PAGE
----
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Breaking Into a Prison

by RAMZI KYSIA

I want to tell you a secret and I want to ask you a question.

Shhh! – Come closer. Listen carefully: I’m part of an international conspiracy to break into the world’s largest open-air prison this summer by sea. Will you help me?

This August, the Free Gaza Movement will set sail from Cyprus to Gaza on a ship carrying needed medical supplies. We will not be asking Israel for permission.

For over two years the state of Israel has severely restricted the Gaza Strip’s ability to import fuel, spare parts, and other necessary materials. Israel maintains complete control over Gaza’s air space and territorial waters, near complete control over travel into or out of Gaza, near complete control over Gaza’s imports and exports, and near complete control over Gaza’s own tax revenues. Little is allowed in. As a result, Gaza’s economy has completely collapsed. [1]

This has consequences, both vast and personal.

In Gaza City, the Atfaluna Society for Deaf Children operates a school for 275 students, ages four through seventeen. That is, they used to operate a school. It was forced to close in mid-April because of the severe fuel shortages caused by the Israeli blockade. Atfaluna has also been unable to supply children with new hearing aids or batteries for over eight months – ever since Israel blocked their importation due to “security” concerns. The Atfaluna Society has asked for our help. Will you help them? [2]

The troubles faced by the children of Atfaluna are but one story in a sea of human misery. Because of the siege, eighty percent of families in Gaza are now dependent on international food aid just to be able to eat. [3] There is over forty percent unemployment , and ninety-five percent of Gaza’s industries, as well as a majority of private businesses, have been forced to shut down. [4] Because of shortages in fuel and spare parts, Gaza’s only power plant is running at less than seventy percent of capacity, and electrical outages of several hours a day are the rule rather than the exception. [5]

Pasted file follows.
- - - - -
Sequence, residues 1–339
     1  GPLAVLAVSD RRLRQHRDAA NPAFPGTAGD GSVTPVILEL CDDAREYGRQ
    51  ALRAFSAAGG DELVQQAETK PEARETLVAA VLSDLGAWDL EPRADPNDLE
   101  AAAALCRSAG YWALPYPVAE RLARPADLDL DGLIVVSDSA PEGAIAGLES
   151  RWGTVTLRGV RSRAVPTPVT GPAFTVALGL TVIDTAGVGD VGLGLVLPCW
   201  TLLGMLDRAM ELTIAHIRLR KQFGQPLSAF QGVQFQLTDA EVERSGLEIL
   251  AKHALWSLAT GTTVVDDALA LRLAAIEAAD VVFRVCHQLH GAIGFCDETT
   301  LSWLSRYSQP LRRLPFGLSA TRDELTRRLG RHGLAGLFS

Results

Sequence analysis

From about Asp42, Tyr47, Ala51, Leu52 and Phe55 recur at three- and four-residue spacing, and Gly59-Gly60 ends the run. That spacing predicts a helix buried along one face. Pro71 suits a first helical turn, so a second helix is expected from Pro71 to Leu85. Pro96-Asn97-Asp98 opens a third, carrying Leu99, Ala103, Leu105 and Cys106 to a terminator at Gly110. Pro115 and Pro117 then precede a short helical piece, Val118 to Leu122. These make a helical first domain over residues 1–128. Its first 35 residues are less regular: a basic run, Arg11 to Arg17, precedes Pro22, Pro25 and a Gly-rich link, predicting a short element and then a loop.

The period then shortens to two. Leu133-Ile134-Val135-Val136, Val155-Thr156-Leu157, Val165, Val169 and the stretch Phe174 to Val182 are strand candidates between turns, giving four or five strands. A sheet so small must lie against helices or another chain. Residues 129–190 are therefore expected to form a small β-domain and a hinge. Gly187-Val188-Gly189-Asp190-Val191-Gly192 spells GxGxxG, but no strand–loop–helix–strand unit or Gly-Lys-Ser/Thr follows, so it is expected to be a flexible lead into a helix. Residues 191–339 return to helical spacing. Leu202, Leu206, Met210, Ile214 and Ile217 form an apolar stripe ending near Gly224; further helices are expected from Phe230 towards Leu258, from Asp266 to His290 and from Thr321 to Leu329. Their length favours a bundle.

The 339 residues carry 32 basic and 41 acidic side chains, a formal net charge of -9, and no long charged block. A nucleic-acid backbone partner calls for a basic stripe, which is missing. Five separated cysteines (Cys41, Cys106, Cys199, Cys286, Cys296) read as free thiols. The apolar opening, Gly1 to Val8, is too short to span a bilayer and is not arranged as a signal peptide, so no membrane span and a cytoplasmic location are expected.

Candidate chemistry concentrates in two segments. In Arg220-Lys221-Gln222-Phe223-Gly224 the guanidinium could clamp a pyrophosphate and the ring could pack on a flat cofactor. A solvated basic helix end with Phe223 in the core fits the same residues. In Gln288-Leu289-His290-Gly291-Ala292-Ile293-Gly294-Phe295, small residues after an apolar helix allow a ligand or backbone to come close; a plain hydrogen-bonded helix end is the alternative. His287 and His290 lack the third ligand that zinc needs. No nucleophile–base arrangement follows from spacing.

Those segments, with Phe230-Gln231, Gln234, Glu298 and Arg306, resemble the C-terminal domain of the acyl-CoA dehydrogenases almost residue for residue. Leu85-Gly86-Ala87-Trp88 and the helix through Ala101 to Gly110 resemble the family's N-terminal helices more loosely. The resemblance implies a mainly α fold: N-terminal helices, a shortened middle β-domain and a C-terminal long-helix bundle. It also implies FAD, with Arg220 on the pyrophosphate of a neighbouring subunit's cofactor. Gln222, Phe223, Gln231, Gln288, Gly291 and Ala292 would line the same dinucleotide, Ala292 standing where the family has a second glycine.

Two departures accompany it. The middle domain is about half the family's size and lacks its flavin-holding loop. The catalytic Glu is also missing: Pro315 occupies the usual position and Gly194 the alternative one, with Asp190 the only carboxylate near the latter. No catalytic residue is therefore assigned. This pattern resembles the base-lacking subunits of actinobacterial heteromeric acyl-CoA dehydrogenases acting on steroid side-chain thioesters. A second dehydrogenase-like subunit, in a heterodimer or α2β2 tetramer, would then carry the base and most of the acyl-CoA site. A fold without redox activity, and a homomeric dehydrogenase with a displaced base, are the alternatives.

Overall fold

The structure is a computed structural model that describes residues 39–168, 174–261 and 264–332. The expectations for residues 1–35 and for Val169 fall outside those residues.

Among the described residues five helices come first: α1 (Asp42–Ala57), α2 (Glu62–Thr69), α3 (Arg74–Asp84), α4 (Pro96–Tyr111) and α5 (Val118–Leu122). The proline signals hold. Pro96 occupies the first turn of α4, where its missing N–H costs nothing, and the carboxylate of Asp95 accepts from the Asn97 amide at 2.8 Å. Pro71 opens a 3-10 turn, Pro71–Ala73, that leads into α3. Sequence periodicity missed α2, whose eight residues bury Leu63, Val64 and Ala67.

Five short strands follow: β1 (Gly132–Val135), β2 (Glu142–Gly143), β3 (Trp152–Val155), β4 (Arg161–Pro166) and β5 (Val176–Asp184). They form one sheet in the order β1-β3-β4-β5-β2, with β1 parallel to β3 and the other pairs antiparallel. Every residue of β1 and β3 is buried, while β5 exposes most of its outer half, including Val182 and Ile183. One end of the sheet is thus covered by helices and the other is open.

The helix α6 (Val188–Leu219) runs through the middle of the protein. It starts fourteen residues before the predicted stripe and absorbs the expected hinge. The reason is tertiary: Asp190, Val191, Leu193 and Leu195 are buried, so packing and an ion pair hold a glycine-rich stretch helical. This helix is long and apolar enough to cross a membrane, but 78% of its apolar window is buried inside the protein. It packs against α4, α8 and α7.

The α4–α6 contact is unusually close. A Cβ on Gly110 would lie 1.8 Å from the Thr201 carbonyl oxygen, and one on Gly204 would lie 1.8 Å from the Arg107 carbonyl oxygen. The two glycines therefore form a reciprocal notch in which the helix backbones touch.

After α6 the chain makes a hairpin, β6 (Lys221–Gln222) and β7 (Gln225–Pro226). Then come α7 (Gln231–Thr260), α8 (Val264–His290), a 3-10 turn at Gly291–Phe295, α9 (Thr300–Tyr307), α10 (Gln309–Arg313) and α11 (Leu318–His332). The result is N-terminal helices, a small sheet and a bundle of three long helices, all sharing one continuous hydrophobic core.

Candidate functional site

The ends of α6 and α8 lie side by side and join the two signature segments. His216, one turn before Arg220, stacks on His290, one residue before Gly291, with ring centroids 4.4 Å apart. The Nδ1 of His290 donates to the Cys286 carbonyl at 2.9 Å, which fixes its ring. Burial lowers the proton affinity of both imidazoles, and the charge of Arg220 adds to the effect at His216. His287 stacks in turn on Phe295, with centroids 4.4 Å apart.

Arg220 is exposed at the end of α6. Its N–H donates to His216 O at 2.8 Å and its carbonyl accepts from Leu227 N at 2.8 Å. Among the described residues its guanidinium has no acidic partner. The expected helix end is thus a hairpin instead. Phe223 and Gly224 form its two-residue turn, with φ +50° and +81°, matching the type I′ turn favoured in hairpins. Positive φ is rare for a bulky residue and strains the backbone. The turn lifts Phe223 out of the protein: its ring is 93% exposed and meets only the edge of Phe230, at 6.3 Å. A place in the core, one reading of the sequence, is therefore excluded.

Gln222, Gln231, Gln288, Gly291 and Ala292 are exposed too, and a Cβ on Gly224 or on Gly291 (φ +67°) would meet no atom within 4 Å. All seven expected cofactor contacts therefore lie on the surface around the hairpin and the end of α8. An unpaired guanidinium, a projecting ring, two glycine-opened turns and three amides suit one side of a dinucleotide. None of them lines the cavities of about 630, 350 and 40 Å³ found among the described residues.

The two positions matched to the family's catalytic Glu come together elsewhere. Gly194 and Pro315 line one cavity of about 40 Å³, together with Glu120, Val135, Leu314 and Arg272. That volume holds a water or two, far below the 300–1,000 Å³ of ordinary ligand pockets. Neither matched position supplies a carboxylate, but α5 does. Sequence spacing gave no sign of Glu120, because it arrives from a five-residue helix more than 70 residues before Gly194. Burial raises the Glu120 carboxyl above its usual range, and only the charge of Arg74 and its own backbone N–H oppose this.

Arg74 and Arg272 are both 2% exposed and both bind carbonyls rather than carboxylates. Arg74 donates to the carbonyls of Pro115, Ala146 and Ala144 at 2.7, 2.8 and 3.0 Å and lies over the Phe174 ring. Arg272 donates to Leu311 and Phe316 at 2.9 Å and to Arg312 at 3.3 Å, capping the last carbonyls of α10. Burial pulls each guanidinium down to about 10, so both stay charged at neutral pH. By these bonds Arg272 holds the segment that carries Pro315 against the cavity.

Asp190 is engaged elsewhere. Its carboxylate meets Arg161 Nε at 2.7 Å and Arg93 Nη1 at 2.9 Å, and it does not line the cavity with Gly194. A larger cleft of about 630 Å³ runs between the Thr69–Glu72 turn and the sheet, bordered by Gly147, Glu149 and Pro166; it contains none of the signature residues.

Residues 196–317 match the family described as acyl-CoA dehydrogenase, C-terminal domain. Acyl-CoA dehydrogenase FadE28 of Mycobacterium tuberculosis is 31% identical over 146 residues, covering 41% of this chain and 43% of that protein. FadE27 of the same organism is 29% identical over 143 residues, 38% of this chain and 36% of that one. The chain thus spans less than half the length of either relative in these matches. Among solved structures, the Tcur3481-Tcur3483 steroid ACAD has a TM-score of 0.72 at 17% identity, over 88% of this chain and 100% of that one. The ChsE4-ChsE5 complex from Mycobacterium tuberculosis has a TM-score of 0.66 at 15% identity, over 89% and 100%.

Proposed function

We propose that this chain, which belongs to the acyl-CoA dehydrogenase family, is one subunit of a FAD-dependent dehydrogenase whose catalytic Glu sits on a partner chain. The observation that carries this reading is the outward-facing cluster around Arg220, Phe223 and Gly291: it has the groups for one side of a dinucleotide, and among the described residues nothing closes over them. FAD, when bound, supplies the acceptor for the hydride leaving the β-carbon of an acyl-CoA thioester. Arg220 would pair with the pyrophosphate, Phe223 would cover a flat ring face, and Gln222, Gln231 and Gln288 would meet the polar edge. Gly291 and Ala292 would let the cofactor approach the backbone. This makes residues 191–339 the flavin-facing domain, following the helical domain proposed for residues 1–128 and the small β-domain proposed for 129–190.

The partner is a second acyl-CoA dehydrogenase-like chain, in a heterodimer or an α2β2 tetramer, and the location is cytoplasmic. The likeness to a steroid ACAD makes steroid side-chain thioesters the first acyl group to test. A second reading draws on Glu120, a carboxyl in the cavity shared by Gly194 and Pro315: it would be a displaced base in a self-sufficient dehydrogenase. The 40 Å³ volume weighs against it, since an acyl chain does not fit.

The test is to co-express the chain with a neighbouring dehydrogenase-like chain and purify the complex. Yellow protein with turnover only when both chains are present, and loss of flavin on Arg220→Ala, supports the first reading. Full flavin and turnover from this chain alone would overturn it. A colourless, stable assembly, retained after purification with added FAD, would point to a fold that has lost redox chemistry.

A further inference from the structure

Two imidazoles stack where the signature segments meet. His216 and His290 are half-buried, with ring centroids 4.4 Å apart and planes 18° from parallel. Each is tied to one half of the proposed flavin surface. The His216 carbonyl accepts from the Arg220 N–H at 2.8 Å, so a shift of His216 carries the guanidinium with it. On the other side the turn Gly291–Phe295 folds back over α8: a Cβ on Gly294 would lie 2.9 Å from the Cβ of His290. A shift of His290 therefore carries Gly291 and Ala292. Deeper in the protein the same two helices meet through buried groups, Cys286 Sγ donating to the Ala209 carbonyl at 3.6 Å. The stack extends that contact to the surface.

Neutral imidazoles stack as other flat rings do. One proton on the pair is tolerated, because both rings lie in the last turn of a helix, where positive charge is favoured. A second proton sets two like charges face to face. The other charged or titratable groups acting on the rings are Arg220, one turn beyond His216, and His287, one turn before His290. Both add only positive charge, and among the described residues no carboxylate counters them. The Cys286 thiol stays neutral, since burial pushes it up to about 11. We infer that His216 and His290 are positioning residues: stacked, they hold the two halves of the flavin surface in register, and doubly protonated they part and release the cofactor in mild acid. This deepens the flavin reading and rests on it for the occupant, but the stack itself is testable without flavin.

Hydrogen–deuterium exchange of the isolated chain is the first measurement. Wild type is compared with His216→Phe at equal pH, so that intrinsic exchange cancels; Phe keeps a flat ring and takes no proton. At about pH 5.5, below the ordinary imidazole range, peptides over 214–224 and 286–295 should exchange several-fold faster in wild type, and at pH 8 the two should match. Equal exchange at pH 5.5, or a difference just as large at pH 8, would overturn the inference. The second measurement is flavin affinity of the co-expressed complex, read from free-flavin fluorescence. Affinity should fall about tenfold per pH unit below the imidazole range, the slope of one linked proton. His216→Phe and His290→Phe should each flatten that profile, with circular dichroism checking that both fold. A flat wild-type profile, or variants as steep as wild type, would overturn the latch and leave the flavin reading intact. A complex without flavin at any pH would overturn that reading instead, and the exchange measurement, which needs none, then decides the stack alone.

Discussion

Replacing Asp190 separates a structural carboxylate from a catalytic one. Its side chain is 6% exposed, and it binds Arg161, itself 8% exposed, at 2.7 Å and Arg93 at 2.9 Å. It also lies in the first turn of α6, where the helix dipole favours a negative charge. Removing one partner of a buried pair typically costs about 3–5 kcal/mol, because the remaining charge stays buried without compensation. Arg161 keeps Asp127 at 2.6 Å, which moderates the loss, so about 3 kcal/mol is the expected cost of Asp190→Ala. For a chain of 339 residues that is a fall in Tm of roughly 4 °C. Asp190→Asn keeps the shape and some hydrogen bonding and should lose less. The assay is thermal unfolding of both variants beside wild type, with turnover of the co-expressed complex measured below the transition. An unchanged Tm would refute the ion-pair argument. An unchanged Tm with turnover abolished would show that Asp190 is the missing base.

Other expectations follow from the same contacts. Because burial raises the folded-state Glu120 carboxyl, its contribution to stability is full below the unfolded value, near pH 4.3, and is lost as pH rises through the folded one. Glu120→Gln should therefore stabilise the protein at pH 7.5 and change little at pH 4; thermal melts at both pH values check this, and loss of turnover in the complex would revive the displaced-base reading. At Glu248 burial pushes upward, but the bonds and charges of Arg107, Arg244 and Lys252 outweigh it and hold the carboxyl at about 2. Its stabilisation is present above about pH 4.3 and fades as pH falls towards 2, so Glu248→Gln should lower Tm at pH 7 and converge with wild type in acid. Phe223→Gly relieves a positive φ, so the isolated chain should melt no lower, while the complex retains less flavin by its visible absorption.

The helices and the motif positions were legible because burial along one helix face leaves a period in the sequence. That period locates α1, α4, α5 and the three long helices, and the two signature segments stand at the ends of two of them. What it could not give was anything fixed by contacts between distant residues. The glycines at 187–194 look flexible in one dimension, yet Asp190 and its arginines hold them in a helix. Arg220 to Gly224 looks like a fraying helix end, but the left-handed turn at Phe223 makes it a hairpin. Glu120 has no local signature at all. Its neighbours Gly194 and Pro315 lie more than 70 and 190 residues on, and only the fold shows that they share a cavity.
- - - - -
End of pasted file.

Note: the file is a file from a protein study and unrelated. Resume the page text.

Running water is now available to most households for only four to six hours a day. Sewage treatment centers no longer function properly. Millions of liters of raw sewage have been pumped into heavily populated neighborhoods, and in order to avoid being forced to literally flood these residential areas with even more raw sewage, the Mediterranean Sea has been turned into a toilet. Since January of this year over 10 billion liters of untreated and only partially treated sewage have been released into the Mediterranean. Gaza’s fishermen state that the sewage has killed off most of the sea life in the immediate vicinity. [6]

The humanitarian condition of the one and a half million men, women, and children illegally incarcerated in Gaza is now at its worst point in the last forty years of Israeli occupation.

Israel’s pitiable attempts to achieve absolute security through absolute domination have only led us all into disaster. The rocket attacks by militants in Gaza against Israeli civilians are as deplorable as they are predictable – given the suffering caused by this blockade, – but these attacks are also irrelevant to the humanitarian catastrophe caused by Israel’s siege. The one does not justify the other. The one cannot justify the other.